BANGKOK (AFP) – A key party linked to Thailand’s powerful Shinawatra clan was dissolved yesterday by a court, just weeks before a general election, over its ill-starred bid to front a princess as a candidate for premier.
Thai Raksa Chart, which is tied to ex-premiers Thaksin and Yingluck Shinawatra, proposed Princess Ubolratana as its prime ministerial candidate if its bloc emerged with a lower house majority after the March 24 election.
It was an unprecedented move in a constitutional monarchy where royals are officially above the political fray, and prompted a rare public rebuke by her younger brother, King Maha Vajiralongkorn, who issued a royal command declaring the party’s move “inappropriate”.
Thai Raksa Chart was found guilty of committing an act “hostile to the constitutional monarchy” by the nine-member Constitutional Court who unanimously voted to dissolve the party.
Party executives – including two Shinawatra family members – were also banned from politics for a decade.
“The monarchy is above politics and to maintain political neutrality, the king, the queen and princesses can never exercise political rights by casting votes,” judge Nakharin Mektrairat said at the end of an extensive ruling.
Dissolution is a hammer blow to the prospects of the powerful Shinawatra clan winning a parliamentary majority in March 24 polls.
Thai Raksa Chart was established to back up the Shinawatra’s main political vehicle Pheu Thai, which won 2011 elections with a landslide.
Its downfall is a major fillip to their army-allied rivals who are fielding current junta leader Prayut Chan-O-Cha as their candidate for premier.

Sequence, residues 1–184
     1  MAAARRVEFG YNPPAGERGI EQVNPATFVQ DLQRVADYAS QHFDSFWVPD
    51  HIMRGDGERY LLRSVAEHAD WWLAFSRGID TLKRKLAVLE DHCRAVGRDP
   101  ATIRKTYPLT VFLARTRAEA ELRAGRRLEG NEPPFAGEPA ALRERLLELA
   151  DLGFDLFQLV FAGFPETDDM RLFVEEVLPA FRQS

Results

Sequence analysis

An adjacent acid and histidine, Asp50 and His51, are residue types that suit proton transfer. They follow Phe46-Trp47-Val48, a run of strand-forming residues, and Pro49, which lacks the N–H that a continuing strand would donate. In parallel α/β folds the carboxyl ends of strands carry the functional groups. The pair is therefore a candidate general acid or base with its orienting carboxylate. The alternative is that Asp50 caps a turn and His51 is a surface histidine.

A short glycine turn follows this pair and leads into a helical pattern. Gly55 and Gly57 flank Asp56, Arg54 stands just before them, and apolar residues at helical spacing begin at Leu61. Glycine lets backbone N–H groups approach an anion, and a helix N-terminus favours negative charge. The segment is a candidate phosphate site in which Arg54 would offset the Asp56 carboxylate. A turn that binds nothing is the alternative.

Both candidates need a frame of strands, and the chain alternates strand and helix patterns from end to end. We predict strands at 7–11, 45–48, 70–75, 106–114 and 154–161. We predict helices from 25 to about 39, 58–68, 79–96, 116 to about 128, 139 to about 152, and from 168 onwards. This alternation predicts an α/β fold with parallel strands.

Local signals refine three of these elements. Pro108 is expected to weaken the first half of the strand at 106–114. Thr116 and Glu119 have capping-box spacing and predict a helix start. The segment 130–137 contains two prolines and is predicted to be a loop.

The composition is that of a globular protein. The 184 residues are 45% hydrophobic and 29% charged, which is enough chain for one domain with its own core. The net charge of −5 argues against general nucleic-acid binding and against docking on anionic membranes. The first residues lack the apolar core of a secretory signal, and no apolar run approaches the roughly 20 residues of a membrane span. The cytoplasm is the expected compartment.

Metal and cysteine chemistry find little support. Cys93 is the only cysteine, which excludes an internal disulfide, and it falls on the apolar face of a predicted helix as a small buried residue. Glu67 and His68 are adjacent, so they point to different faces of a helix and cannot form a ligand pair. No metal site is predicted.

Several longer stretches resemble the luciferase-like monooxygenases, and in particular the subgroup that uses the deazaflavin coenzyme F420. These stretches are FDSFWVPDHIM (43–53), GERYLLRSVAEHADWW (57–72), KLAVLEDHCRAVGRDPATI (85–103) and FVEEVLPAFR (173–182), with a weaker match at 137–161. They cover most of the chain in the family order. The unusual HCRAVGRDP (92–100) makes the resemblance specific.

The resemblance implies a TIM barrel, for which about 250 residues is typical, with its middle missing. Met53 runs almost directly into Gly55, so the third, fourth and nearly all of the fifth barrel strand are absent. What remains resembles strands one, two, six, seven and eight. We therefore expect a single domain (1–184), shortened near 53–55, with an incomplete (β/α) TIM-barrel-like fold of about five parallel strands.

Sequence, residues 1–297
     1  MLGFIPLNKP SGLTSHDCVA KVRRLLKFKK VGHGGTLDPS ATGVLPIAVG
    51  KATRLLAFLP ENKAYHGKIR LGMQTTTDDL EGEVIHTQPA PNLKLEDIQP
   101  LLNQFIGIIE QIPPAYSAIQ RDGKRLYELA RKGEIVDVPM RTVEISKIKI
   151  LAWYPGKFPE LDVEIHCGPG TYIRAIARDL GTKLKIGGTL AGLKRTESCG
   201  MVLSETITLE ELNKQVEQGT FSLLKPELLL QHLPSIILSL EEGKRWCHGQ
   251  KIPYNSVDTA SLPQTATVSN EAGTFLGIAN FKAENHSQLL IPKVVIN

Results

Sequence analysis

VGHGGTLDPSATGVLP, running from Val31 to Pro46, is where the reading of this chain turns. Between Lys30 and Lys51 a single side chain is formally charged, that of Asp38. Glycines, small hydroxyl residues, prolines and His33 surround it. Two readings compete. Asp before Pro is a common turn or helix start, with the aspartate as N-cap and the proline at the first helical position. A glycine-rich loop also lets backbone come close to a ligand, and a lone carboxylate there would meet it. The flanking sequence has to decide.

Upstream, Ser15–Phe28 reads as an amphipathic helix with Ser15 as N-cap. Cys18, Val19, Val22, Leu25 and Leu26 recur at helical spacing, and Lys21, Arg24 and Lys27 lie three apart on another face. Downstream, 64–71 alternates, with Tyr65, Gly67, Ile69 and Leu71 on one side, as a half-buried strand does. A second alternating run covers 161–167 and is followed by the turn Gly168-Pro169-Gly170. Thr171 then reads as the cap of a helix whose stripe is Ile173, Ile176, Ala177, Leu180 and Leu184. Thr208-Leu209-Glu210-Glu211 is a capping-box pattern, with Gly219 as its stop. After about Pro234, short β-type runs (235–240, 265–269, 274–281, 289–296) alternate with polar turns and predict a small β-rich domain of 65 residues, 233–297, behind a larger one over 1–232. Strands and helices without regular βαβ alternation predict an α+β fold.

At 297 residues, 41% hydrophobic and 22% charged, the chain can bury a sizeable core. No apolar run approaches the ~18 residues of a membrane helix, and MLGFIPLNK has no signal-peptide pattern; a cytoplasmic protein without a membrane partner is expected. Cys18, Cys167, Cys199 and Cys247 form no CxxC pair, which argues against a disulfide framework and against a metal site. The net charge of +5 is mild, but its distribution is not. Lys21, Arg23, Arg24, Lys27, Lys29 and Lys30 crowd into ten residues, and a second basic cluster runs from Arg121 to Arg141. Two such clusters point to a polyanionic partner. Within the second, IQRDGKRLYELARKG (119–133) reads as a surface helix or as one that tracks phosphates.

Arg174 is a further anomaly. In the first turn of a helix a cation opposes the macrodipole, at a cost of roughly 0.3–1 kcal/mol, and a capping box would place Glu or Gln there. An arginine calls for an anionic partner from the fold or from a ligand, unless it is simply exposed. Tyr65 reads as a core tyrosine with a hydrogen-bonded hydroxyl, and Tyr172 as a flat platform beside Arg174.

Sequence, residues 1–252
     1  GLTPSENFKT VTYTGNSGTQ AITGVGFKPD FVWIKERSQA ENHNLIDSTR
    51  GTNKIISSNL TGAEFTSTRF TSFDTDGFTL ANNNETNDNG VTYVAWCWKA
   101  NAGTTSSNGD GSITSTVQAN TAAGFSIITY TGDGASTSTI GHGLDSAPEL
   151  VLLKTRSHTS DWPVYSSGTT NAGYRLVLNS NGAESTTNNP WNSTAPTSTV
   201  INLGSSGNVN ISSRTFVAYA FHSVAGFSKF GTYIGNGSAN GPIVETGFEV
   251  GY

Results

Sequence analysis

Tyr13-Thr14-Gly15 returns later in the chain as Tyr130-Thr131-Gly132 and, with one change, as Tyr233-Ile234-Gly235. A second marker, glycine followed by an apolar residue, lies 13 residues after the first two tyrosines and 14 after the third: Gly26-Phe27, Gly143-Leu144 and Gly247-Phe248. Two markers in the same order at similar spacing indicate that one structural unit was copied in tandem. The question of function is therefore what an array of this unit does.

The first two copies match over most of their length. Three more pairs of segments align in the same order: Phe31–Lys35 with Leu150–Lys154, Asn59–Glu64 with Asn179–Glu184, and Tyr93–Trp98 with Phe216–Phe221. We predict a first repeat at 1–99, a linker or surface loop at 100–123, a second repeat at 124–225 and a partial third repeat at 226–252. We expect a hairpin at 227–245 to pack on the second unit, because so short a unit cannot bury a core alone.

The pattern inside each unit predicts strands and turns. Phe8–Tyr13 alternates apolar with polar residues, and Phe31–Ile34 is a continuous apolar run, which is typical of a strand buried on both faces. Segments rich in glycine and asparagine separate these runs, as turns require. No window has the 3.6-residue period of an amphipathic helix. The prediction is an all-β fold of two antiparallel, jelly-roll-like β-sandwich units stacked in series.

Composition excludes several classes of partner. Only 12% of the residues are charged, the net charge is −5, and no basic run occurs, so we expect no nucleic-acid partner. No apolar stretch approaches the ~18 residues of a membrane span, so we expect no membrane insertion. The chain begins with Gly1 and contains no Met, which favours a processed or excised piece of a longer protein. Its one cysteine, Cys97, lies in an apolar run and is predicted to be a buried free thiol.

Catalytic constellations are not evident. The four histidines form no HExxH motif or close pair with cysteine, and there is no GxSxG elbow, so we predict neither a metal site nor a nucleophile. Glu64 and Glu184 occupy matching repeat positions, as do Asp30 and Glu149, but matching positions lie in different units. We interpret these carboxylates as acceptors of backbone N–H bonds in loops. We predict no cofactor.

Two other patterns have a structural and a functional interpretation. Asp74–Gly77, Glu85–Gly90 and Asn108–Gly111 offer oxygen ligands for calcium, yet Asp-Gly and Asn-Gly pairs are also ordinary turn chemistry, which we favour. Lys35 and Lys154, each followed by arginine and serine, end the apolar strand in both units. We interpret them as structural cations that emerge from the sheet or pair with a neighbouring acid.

Thai Raksa Chart was set to compete in 174 constituencies with 108 candidates vying for seats through the party list – a system to allocate extra parliamentary seats according to the proportion of votes they scoop up.
Grim-faced party executives, all dressed in black suits and led by party leader Preechapol Pongpanich, filed out of the Constitutional Court through the ranks of media.
The same court has disbanded two other parties linked to the Shinawatra dynasty – and toppled two of its prime ministers – in the last 13 years of political turmoil since Thaksin was booted from office by a coup in 2006.
The intervening years have seen short-lived civilian governments, bloody street protests and another coup – against Thaksin’s sister Yingluck in 2014 – that brought the current junta to power.
There were tears among the smattering of die-hard supporters gathered near the court.
Thais last voted in a general election in 2011 and have returned Shinawatra-linked parties at every poll since 2001.
But Pheu Thais’ electoral dominance has been cast into doubt by a new system crafted by the junta specifically to limit the number of seats it can win.
The court ruling was “deja vu”, said political analyst Thitinan Pongsudhirak of Chulalongkorn University.
With 18 days to go to the polls, tensions are rising.
The country is deeply divided between those who loathe the military and fear its return to office after elections, and the anti-Thaksin camp.
The princess at the centre of the drama is currently in Berlin promoting tourism to Thailand’s northeast.
“Today, I’d like to continue to work for Thailand,” she said in an Instagram post on Wednesday, hashtagged “#Doittogether”.